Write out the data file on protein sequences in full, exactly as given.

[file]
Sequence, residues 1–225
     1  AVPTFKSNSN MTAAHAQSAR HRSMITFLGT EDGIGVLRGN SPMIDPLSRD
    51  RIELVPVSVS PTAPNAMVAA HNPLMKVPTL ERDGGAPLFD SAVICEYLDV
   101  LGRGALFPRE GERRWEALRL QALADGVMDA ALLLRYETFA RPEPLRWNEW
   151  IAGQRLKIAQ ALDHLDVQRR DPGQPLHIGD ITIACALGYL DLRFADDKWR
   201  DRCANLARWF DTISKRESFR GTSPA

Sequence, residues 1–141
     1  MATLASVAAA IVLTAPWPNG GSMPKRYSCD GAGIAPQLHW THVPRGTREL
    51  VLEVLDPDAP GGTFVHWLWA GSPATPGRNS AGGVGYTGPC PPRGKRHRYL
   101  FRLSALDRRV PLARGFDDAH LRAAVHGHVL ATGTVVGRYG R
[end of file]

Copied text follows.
Sequence, residues 1–225
     1  AVPTFKSNSN MTAAHAQSAR HRSMITFLGT EDGIGVLRGN SPMIDPLSRD
    51  RIELVPVSVS PTAPNAMVAA HNPLMKVPTL ERDGGAPLFD SAVICEYLDV
   101  LGRGALFPRE GERRWEALRL QALADGVMDA ALLLRYETFA RPEPLRWNEW
   151  IAGQRLKIAQ ALDHLDVQRR DPGQPLHIGD ITIACALGYL DLRFADDKWR
   201  DRCANLARWF DTISKRESFR GTSPA

Sequence, residues 1–141
     1  MATLASVAAA IVLTAPWPNG GSMPKRYSCD GAGIAPQLHW THVPRGTREL
    51  VLEVLDPDAP GGTFVHWLWA GSPATPGRNS AGGVGYTGPC PPRGKRHRYL
   101  FRLSALDRRV PLARGFDDAH LRAAVHGHVL ATGTVVGRYG R